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What is Rubidium?

Mary McMahon
Updated May 21, 2024
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Rubidium is a metallic element located in the alkaline group on the periodic table of elements. It is used in a variety of industries, as well as in laboratories for a range of experiments. The element also has a number of radioactive isotopes that are used in research and dating of ancient fossils. Rubidium is rather reactive, making it somewhat difficult to handle since it can be unstable in oxygen rich environments. People may interact with it in the form of a component in a variety of household goods.

In appearance, rubidium is soft and silvery white. When it is burned, it emits a rich red to brown flame; this property is referenced in the element's name, which is derived from rubius, or “deepest red” in Latin. When exposed to oxygen, it will spontaneously ignite, and the element also reacts violently in water. In the air, it rapidly tarnishes as it oxidizes. The element has an atomic number of 37, and it is identified as Rb on the periodic table.

The discovery of rubidium is credited to Robert Wilhelm Bunsen and Gustav Robert Kirchhoff, who observed it in the form of a mineral compound in 1861 with the assistance of a spectroscope. This element is abundant in the Earth's crust, usually in compounds with minerals like lepidolite, leucite, and pollocite. These minerals must be treated to extract their stores of rubidium for commercial use, making the element moderately costly.

Some metal alloys include rubidium, and the element is also used in the production of glass and ceramics. Purple fireworks often get their color from this metal, and it can also be found in electron tubes, atomic clocks, and photocells. Isotopes and other forms may be used in laboratory experiments; its vapor, for example, is used in laser cooling.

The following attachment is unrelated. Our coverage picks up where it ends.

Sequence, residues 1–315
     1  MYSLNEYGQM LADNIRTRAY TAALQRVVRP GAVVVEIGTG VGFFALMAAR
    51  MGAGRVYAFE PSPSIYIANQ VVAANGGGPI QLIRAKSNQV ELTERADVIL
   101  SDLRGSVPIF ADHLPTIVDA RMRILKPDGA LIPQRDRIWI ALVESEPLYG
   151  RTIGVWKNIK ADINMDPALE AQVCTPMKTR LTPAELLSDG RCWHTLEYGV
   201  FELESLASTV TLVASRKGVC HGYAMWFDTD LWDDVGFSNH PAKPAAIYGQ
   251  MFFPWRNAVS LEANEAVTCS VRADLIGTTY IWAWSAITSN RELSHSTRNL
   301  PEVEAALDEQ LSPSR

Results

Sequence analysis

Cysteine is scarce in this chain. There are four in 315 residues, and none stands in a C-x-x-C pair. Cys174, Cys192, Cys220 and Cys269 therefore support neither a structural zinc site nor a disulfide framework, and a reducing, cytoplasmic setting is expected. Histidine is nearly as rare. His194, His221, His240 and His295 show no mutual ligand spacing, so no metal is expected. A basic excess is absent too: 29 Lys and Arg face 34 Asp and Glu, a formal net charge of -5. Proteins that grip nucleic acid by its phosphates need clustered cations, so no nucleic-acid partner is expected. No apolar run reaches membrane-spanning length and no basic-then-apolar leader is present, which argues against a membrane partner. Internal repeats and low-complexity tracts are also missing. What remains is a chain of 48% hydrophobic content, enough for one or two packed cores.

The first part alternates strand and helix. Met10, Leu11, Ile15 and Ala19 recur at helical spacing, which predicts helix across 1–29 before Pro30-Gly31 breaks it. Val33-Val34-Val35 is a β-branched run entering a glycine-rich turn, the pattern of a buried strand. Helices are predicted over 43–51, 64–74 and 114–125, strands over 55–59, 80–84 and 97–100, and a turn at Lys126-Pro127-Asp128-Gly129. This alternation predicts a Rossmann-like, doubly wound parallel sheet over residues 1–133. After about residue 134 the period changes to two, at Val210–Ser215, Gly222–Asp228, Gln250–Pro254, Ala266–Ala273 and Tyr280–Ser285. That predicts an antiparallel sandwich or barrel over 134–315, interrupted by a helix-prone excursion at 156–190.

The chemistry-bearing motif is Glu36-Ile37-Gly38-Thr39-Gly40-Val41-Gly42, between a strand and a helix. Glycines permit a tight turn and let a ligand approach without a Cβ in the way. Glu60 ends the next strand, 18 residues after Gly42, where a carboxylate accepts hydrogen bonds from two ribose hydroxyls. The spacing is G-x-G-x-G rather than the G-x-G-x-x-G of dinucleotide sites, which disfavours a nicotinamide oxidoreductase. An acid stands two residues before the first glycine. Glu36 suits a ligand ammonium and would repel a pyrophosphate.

Since this element is so reactive, it needs to be handled with care. It should be stored in a vacuum or in mineral oil, and it should be handled in a non-reactive atmosphere with the use of buffer gases. People who handle the pure metal are usually carefully trained in its use, and average individuals are not ordinarily exposed to it. Although rubidium does not appear to be toxic, it does not have a biological function and it may be dangerous in large amounts, so people should avoid ingesting it. Eye and face protection should also be worn when working with this element.

All The Science is dedicated to providing accurate and trustworthy information. We carefully select reputable sources and employ a rigorous fact-checking process to maintain the highest standards. To learn more about our commitment to accuracy, read our editorial process.
Mary McMahon
By Mary McMahon

Ever since she began contributing to the site several years ago, Mary has embraced the exciting challenge of being a All The Science researcher and writer. Mary has a liberal arts degree from Goddard College and spends her free time reading, cooking, and exploring the great outdoors.

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Mary McMahon
Mary McMahon

Ever since she began contributing to the site several years ago, Mary has embraced the exciting challenge of being a...

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